Yesterday the US House unanimously passed The Protection of Incapacitated Persons Act of 2005 – also known as “Terri’s Law II” – that will effectively save Terri Schiavo’s life before tomorrow’s deadline.
Today the bill, S.539, comes before the US Senate for debate and passage. Please contact your Senators and urge them to vote for “Terri’s Law II”.
We’re proud of the way the House acted, responding to the overwhelming voices of its constituents, to move the bill through so quickly. It’s exciting not only because it portends the hope of saving Terri’s life and getting her the therapy and treatment she has been denied for so many years. It also has the potential to energize America’s mainstream voters to see they don’t have to settle for the silly and sometimes oppressive decisions that certain judges create from whole cloth.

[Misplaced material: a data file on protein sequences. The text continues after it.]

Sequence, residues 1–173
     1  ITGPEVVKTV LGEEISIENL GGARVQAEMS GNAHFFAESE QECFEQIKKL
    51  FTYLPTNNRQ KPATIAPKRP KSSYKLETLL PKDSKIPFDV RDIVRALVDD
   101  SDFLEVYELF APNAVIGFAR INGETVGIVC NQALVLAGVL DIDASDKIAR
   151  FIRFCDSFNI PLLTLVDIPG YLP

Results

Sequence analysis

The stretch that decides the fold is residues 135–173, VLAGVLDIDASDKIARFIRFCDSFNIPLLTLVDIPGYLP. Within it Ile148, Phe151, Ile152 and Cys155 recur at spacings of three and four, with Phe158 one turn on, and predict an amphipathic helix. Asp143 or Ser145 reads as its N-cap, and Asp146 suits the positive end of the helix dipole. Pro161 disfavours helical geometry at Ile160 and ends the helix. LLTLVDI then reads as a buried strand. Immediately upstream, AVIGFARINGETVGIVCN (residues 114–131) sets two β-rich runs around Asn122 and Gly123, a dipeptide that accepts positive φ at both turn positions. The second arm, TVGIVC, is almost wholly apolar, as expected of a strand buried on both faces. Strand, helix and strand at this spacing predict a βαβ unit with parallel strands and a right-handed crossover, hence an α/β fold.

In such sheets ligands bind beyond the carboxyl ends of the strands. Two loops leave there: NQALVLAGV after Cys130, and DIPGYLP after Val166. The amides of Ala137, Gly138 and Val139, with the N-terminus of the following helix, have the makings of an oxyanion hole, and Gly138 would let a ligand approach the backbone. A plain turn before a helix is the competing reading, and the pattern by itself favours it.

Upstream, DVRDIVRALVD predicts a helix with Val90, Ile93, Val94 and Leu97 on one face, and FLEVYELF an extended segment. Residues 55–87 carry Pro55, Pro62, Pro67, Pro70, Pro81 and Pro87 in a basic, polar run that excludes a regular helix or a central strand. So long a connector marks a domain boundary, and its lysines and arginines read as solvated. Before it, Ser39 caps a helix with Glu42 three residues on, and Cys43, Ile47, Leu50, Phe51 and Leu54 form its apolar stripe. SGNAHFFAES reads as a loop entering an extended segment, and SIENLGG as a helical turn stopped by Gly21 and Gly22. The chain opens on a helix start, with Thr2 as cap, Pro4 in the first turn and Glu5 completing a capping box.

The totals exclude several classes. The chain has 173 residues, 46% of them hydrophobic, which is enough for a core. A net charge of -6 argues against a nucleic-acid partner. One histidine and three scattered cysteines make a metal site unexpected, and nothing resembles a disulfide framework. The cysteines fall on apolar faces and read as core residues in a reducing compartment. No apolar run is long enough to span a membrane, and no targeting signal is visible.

Most Americans want to make sure that good people occupy the federal bench, judges who will interpret the law and not impose their own radical opinions (or an estranged husband’s death wish for his disabled wife). So says a recent poll conducted by the Judicial Confirmation Network:
The survey also found 75 percent of voters agree that “President Bush should keep his promise made during the campaign to nominate a U.S. Supreme Court justice who will apply existing law, not make new law.”
And another poll finding:
Eighty-two percent of voters agree that “if a nominee for any federal judgeship is well-qualified, he or she deserves an up or down vote on the floor of the Senate,” the poll found.
The case of Judge Greer is not an isolated one by any stretch. However, the public scrutiny of the many injustices and unanswered questions in the Terri Schiavo case have helped to add attention to the problem of judicial tyranny across the nation. Next to saving a disabled woman’s life, that would be the best development to come out of this whole affair.